Donald Trump went into the final debate of the 2020 campaign needing a clear win and even more than that, needing to defend his record as president in clear, comprehensible language. His signal mistake in the first debate, I argued at the time, was to lapse into the right-wing code language of Fox News/Breitbart conspiracy theories, which almost certainly sounded like gibberish to the low-information undecided voters whose support is his only hope of victory.
In the Nashville debate, Trump started off doing exactly what he needed to do: defending his record on handling COVID-19 in complete sentences, with a bit of counter-punching against Biden’s criticisms (though the former veep’s “He said people are learning to live with it … they’re learning to die with it” line was unanswerable, and Trump’s pandemic record is tough to defend).
The president’s self-discipline began unraveling when he seized his first opportunity to bring up the Hunter Biden email story that has gotten right-wing media so excited. His reference to the Obama administration merely sending “pillows and sheets” to Ukraine is a fine old conservative media line, but Trump never explained it. The jibe about Hunter supposedly reserving “ten percent for the big man,” a reference to the latest allegations about Joe’s role in his son’s business dealings, was completely inscrutable to anyone who didn’t spend the entire day wallowing in the story. Later he alluded to the “laptop from hell,” again without any effort to explain the link to Hunter, as though he was counting on subtitles or footnotes.
In the middle section of the debate, Trump began overriding moderator Kristen Welker regularly. Then on the very dangerous topic of children being separated from their parents at the border, Trump just lost it, shouting repeatedly “Who built the cages, Joe!” I know a fair amount about immigration, and if I had no idea what the president was alluding to, how would an undecided voter who hasn’t made Stephen Miller his guru on these issues?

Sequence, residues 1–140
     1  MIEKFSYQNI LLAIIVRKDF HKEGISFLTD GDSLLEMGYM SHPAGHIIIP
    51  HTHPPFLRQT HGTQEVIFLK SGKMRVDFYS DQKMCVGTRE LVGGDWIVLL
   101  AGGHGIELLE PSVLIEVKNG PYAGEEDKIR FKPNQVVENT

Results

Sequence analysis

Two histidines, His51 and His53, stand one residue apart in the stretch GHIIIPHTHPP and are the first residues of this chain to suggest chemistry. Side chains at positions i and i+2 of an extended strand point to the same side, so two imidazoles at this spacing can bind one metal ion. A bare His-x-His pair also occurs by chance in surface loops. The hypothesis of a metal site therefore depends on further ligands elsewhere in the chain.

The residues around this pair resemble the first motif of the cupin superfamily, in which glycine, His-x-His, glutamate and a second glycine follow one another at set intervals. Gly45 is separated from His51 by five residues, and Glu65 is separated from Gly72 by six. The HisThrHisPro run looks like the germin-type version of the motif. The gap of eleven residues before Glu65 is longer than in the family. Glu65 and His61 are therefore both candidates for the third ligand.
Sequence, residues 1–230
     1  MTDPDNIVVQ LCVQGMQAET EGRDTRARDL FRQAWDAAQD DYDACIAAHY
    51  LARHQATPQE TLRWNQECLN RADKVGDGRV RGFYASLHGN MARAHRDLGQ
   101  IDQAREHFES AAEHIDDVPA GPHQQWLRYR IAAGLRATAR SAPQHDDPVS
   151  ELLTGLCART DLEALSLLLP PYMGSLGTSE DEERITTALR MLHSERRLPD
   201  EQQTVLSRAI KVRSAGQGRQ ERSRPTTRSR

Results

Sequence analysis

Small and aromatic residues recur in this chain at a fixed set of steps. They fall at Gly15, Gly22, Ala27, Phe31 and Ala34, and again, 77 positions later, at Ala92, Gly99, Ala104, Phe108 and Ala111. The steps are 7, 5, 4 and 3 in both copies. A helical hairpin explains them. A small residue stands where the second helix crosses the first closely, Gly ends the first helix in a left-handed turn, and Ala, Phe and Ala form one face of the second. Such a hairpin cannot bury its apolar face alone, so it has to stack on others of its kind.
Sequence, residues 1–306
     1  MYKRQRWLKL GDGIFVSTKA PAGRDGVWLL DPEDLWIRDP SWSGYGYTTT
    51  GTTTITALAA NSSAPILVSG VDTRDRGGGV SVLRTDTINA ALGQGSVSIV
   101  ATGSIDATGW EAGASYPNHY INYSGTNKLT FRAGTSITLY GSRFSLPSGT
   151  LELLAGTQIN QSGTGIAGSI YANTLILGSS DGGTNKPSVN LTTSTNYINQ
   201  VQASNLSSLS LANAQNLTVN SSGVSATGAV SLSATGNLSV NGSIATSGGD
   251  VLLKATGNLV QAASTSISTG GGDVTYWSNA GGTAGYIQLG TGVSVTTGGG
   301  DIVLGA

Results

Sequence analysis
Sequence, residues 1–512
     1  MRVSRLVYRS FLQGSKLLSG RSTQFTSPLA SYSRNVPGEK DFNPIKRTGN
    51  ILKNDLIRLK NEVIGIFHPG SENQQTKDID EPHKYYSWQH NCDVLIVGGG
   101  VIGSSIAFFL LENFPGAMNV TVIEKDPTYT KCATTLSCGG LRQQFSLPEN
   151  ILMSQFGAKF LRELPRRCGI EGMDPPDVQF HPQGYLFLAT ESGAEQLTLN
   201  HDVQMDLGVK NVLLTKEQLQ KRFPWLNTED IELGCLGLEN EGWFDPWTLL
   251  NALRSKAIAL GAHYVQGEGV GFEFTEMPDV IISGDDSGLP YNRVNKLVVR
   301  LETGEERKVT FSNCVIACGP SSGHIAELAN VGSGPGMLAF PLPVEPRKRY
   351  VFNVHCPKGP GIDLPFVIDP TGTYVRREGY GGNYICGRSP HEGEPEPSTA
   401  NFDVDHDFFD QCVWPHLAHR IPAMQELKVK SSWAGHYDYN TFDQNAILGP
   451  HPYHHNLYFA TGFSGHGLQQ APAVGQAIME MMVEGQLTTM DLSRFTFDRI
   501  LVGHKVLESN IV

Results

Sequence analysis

Towards the end of the debate, Trump found his bearings and hit Biden hard on crime policy, just as the Democrat was beginning to lose steam and some of his own coherence. But he may have spoiled the effect (if any) on Black voters with his bizarre repeated insistence that “I am the least racist person in this room.” Was he suggesting the Black moderator is racist? Or appealing to the white racists who think that it’s Black people who are the racists? Again, you could almost hear the cheers in a room full of people who are already wearing MAGA hats.
The ultimate moment of speaking in code for Trump was in his attack on Biden’s environmental proposals, which he triumphantly described – twice – as “AOC plus three!” I get the reference to Alexandria Ocasio-Cortez, the progressive congresswoman who is every conservative’s favorite demon-figure these days, but “plus three?” Is that a reference to the other members of the so-called “squad?” I don’t know, and neither did most viewers who aren’t already deep in the tank for the president.
The bottom line is that Trump had an unmistakable and unavoidable mission in this debate, which went beyond “not setting himself on fire,” as one commentator put it, and wasn’t accomplished even if he did score more points against Biden than Biden scored against him (which I don’t think he did). It was Trump’s last chance to make a case that his record entitles him to a second term, at a time when it’s really too late to make this a “choice” election where sowing doubts about his opponent will suffice. By this standard, Trump started out strong, but in the end he just could not help being himself and raving about things that will leave swing voters baffled and cold.